A Sudanese jetliner landed in a thunderstorm and veered off the runway late Tuesday, bursting into flames and killing dozens of people, Sudanese officials said.
Official and state media said immediately after the crash that about half the 203 passengers aboard the Airbus A310 had been killed in the crash about 9 p.m.
But several hours later, officials began reporting a lower toll.
One flight attendant said the crew had evacuated the passengers from the plane.
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“Thank God we were able to get all the passengers out,” said Sarrah Faisal, her voice shaking as she spoke to Sudanese TV from a stretcher, wearing a plastic neck-brace. She gave no more details.
Deputy parliament speaker Mohammed al-Hassan al-Ameen said the death toll was “about 30 people.”
Police spokesman Mohammed Abdel Majid al-Tayeb said five bodies had been pulled from the wreckage, 100 people were safe and an unspecified number were hospitalized.
An Associated Press reporter at the scene said the plane appeared to have left the runway as it landed at Khartoum International Airport.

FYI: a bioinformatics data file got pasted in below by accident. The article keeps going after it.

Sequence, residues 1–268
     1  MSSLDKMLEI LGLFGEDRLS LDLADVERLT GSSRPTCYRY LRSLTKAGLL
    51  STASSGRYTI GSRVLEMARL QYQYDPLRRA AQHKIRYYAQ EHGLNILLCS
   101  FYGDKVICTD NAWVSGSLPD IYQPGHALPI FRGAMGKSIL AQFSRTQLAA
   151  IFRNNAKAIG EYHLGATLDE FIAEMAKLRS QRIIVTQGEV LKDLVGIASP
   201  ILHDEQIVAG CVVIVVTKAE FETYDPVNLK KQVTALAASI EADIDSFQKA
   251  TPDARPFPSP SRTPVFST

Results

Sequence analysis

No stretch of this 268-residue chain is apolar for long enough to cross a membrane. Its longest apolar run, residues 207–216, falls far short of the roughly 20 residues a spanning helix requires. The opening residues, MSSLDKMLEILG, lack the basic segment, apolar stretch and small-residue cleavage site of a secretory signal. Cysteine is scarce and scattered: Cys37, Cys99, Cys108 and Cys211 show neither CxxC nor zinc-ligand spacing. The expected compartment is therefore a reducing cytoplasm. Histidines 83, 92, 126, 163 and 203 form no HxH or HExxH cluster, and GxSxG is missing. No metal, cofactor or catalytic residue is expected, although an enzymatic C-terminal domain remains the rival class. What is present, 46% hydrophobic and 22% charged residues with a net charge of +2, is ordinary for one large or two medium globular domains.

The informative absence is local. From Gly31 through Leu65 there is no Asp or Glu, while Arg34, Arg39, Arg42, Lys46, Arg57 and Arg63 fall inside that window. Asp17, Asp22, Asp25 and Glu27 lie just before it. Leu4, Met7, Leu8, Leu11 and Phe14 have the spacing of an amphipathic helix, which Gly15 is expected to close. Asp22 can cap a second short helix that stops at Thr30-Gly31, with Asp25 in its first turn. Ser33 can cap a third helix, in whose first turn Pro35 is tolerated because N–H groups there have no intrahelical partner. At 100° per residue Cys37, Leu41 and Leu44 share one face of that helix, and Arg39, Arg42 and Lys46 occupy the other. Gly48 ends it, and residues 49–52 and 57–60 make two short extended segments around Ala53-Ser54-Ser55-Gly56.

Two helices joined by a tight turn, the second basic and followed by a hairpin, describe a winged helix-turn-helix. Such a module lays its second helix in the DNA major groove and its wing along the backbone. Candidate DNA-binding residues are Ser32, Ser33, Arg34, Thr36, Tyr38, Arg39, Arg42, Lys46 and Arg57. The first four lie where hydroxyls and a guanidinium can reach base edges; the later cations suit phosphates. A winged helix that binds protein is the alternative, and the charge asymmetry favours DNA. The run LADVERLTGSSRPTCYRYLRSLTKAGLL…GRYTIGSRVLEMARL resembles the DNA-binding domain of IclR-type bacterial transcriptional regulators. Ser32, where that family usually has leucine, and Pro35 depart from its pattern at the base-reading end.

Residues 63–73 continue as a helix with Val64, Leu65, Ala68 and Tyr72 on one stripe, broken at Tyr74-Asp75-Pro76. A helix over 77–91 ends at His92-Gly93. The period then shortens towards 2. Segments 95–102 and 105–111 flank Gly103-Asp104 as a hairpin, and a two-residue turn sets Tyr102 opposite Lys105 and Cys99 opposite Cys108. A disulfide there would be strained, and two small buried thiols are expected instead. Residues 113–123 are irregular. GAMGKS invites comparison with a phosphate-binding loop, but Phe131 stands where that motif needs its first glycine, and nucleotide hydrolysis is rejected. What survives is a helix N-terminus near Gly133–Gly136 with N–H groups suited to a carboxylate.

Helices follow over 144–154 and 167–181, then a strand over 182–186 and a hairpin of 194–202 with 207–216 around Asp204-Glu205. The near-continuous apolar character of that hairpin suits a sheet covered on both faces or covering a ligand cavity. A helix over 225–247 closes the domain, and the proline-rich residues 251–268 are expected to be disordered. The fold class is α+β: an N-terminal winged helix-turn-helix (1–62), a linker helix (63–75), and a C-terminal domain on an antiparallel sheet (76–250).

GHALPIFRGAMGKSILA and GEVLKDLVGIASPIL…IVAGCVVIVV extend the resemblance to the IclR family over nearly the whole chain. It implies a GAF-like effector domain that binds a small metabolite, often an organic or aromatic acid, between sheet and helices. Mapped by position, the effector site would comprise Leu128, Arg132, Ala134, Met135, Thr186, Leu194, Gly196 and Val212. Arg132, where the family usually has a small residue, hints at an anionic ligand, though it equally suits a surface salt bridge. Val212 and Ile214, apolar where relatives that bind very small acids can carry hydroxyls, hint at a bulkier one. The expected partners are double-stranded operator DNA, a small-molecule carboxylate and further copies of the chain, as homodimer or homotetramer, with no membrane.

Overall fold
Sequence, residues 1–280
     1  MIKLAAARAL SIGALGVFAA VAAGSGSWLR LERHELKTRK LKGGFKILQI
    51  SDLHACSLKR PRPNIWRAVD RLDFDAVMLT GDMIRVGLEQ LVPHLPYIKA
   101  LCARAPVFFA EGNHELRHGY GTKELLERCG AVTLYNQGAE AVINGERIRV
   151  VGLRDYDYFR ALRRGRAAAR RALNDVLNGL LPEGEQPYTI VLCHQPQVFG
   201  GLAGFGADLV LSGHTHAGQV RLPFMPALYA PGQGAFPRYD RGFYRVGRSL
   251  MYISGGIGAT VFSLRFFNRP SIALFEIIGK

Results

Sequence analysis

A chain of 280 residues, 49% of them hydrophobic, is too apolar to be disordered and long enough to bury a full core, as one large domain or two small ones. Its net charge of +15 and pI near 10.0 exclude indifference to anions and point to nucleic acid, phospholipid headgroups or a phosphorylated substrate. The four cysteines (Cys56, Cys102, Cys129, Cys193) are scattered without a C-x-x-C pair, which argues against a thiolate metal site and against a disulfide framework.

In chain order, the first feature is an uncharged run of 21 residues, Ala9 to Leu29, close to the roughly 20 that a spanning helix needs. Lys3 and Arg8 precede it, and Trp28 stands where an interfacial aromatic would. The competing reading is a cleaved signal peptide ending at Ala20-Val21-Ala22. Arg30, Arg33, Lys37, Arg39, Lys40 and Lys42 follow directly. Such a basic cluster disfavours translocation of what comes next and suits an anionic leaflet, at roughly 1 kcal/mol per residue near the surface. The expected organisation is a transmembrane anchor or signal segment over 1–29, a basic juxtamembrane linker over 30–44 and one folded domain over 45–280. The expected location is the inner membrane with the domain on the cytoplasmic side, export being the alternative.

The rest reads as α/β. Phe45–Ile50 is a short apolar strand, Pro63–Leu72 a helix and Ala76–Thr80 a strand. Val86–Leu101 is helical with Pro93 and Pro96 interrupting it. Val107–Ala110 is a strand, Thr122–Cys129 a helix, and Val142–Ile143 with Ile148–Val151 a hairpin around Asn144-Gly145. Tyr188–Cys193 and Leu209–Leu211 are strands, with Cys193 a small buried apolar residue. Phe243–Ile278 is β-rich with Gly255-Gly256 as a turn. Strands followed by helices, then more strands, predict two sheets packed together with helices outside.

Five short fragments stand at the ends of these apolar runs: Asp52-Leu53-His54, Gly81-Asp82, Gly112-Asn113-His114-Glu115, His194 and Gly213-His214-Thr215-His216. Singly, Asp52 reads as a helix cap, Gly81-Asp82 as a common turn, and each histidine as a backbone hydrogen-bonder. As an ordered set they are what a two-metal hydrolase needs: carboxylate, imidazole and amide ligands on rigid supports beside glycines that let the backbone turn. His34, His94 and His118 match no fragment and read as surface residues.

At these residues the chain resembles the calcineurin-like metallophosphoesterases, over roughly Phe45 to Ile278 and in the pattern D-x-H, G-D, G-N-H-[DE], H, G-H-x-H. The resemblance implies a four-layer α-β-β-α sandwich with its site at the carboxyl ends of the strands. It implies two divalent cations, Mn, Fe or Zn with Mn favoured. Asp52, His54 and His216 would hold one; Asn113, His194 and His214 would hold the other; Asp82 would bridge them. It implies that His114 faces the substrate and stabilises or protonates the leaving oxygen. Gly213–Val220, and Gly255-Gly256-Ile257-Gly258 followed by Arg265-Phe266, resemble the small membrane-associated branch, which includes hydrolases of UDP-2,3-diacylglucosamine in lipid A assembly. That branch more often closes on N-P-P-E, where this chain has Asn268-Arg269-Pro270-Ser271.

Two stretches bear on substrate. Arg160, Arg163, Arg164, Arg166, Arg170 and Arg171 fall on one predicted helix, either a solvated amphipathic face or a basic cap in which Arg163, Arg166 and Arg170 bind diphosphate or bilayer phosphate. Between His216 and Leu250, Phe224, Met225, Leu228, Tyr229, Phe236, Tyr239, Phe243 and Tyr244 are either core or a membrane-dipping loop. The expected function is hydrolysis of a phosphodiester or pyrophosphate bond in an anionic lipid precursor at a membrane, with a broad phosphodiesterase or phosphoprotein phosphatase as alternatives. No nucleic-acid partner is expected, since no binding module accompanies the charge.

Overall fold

Sudanese TV footage showed a hellish scene, with orange flames dwarfing firefighters and towering above the shattered fuselage. Ambulances and fire trucks rushed to the scene. Media were kept away from the blaze.
Youssef Ibrahim, director of the Khartoum airport, told Sudanese TV that the plane “landed safely” in Khartoum and the pilot was talking to the control tower and getting further instructions when the accident occurred.
“One of the (plane's) engines exploded and the plane caught fire,” Ibrahim said. He said bad weather did not cause the crash, which he blamed on a technical problem.
The Sudanese ambassador to Washington called the weather “very bad” and said the runway was drenched by rain.
The head of Sudanese police, Mohammad Najib, said bad weather “caused the plane to crash land, split into two and catch fire.”
“We believe that most of the passengers were able to make it out and escape with their lives,” said Najib, without disclosing further details on how they escaped.
But he stressed that officials could not say for sure how many were killed.
The airport was experiencing a thunderstorm and winds about 20 mph at the time of the crash, said Elaine Yang, a meteorologist with the San Francisco-based Weather Underground, a private weather service.